I'm going to attempt to construct my own answer to the ChicagoWiz's query: "Copying a spell into a spell book. How long does it take and how much does it cost? Go ahead, look it up in the three core AD&D/1e books." I haven't looked at the comments, so you can compare my answers to other folks and see what we come up with.
Unearthed Arcana, page 79 explicitly notes that putting spells into spellbooks costs 100gp per level of the spell. That falls outside the parameters Chgowiz established, but I thought everyone should know that. Time is not specified. I'd check the official errata for UA published in the Dragon, but then I might be tempted to look in the Sage's Advice column for more info. That way lies madness. And Skip Williams.
There's no explicit answer to the ChicagoWiz's inquiry as far as I can tell, but there are two useful vectors for coming up with your own answer. The first one, which he correctly identifies, is the scroll manufacture rules on page 117 of the DMG. A scroll takes one day per level of the spell. I think that would mark an upper limit for spell transcription times, as making scrolls is clearly meant to be a pain in the ass. For crying out loud, you need a basilisk eye and three cockatrice feathers to make a scroll of protection against petrification. I need the ding dang scroll before I collect that crap, not after!
The other vector is the write spell (PHB 69, DMG 45). Write is designed to make it possible to transcribe spells you don't understand. Like weapon speed factors or training costs, you can tell whether a campaign is hardcore by whether this spell ever comes into play. Anyway, write identifies both time and cost for using this spell to copy other spells. It takes one hour per spell level and you have to pay for the ink. A vial of ink good for 2-4 spells costs 200-500gp, if you can find it. Each apothecary and alchemist in a town has only a 10% chance of having the right kind of ink in stock. In cities the chance is 20% per location.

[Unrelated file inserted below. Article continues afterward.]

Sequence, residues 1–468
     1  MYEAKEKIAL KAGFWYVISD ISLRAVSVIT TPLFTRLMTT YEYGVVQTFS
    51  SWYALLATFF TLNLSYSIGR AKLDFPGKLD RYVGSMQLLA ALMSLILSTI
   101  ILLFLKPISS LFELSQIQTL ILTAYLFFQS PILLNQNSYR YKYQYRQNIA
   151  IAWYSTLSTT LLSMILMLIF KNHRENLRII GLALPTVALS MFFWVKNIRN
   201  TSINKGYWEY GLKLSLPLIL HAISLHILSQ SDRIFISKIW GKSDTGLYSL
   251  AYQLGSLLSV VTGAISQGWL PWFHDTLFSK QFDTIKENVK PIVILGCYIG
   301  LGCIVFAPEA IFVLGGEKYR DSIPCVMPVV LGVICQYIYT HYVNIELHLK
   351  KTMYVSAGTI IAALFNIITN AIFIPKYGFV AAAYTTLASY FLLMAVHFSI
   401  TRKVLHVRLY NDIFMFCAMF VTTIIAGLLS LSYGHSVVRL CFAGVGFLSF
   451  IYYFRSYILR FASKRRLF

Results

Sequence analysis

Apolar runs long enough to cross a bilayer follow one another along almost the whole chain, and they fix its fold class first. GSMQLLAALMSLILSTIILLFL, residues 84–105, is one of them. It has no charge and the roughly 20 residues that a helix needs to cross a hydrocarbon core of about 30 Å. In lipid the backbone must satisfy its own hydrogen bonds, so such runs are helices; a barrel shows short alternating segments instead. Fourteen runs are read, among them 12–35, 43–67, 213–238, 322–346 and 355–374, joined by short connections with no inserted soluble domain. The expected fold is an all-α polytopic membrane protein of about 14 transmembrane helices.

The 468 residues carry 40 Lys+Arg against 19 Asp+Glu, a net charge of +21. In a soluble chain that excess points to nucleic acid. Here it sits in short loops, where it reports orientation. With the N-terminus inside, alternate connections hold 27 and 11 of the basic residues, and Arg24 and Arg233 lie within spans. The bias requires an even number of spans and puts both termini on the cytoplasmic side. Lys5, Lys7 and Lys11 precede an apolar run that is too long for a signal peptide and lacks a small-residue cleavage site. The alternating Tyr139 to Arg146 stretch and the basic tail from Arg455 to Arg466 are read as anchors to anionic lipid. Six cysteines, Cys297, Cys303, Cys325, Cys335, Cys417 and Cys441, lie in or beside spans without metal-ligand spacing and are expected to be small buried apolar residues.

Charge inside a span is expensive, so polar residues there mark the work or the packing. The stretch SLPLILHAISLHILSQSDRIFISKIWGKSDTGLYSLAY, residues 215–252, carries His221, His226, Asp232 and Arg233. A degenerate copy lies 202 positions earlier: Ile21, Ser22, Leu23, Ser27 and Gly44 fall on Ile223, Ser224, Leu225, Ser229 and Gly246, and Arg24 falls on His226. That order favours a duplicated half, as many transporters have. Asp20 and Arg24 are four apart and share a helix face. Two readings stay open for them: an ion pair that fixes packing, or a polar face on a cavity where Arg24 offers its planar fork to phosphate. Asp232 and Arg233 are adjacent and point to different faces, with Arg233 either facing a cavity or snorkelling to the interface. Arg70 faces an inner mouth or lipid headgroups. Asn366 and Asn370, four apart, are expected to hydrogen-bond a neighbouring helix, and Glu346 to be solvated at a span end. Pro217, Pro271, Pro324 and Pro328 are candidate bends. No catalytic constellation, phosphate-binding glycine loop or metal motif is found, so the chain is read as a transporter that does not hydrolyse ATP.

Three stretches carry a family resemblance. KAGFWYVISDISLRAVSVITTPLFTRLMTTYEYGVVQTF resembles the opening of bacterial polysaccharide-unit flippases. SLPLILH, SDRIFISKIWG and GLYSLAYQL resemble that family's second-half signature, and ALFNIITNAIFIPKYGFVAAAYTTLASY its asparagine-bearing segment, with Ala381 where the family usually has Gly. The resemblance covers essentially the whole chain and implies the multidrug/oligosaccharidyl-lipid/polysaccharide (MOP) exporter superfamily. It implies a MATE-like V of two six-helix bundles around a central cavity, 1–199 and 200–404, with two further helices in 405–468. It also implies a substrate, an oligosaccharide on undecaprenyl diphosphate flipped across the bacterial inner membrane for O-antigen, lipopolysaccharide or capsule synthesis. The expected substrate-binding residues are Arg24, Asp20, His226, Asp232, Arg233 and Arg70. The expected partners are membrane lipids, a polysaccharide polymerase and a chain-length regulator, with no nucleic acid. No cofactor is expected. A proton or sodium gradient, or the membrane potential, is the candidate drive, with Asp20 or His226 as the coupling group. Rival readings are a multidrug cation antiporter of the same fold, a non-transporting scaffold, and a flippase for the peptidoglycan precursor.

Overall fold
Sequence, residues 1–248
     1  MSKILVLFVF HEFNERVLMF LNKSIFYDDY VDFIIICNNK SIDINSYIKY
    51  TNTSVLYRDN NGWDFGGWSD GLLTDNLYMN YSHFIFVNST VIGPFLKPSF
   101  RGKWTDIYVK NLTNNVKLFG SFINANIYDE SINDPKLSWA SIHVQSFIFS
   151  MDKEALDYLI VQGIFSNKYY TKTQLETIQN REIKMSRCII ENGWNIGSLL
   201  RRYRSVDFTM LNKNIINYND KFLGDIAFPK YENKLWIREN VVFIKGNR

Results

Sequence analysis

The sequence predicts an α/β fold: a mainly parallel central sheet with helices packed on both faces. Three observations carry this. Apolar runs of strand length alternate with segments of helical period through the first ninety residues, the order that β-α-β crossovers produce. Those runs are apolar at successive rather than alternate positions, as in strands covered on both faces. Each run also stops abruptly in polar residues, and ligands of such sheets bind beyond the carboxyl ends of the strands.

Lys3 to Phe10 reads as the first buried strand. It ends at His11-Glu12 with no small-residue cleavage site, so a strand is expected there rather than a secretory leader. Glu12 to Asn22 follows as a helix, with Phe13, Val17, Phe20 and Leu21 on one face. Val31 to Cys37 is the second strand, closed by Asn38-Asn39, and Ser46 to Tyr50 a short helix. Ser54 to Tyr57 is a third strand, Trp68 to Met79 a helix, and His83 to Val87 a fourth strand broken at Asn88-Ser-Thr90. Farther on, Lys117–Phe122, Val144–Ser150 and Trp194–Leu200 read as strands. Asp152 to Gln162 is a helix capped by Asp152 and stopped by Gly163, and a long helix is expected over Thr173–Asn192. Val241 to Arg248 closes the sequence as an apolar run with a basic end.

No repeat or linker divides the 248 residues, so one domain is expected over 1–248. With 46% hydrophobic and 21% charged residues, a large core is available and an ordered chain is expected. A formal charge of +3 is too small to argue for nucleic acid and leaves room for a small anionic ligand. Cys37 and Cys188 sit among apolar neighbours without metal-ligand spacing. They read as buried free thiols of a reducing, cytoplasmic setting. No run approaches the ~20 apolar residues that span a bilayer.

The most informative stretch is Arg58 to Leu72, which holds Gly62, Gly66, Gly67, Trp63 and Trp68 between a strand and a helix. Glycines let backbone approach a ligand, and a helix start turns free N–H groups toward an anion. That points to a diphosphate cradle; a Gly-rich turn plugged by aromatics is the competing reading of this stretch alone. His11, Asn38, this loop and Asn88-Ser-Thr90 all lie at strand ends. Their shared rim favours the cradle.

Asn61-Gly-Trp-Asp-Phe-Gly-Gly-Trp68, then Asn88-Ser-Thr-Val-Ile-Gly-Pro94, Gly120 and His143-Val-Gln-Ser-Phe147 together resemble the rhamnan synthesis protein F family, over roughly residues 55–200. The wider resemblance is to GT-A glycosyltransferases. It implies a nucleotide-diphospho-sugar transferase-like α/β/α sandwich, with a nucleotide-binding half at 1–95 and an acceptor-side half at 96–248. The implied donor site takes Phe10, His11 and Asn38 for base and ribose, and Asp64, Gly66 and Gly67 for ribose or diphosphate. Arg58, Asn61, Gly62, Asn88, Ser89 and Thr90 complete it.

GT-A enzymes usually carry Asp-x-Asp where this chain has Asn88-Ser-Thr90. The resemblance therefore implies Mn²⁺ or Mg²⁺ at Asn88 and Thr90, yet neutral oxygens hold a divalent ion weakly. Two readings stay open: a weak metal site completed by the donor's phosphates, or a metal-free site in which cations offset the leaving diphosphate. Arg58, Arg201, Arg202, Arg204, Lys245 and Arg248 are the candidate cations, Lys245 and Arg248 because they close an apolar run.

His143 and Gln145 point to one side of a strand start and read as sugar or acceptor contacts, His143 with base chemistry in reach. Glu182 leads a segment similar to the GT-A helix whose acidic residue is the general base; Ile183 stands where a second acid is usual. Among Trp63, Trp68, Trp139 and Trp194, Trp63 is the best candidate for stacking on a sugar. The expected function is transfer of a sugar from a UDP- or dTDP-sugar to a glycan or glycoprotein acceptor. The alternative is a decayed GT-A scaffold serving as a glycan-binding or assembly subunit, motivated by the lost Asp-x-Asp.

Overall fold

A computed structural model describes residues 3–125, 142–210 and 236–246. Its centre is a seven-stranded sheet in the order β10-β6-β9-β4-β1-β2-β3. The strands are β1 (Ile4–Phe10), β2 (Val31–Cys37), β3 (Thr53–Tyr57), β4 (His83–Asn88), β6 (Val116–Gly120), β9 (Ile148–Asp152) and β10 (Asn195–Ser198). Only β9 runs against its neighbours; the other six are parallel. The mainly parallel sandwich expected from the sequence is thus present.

(If you can't obtain the ink at a store, you can make it yourself. No direct guidelines are given for this, but the scroll manufacture rules indicate that giant octopus or squid ink is a necessary component for scroll ink so that's a good place to start. Incidentally, Hacklopedia volume VI lists giant octopus ink at being worth 400gp. Say what you want about HackMaster's tone, the guys who wrote it have a really strong grasp of lots of little fiddly bits of AD&D.)
Write puts the caster into a trance, which you could argue allows them to transcribe a spell much faster than the normal method. But I think that if Gary intended the spell to double as a quick-copy for understood spells he would have noted so. Therefore, I submit that once a spell is read and understood it only takes one hour per level to put it into your book. The trance is solely for the caster's holy guardian angel/unconscious mind to do the heavy lifting of comprehending the spell sufficiently to avoid transcription errors.
Similarly, I think the special ink for write represents a hard limit on the cost of normal transcription. Is the same ink needed for both types of copying? That would probably result in wizards spending more time hunting giant squid than any other activity, which cracks me up but doesn't sound plausible. No, I think significantly less awesome ink will do. Unfortunately, I can't find ink is on any official equipment list prior to Oriental Adventures (where it costs 3 tael, i.e. 30sp, for an unknown quantity). We're left with a best guess at this point. So here's what I would rule if attempting to run pre-UA AD&D as written:
Cost: 20-50gp for ink, which lasts for 2-4 spells
Time: one hour per spell level
That's a lot faster and cheaper than I expected when I started cracking open books.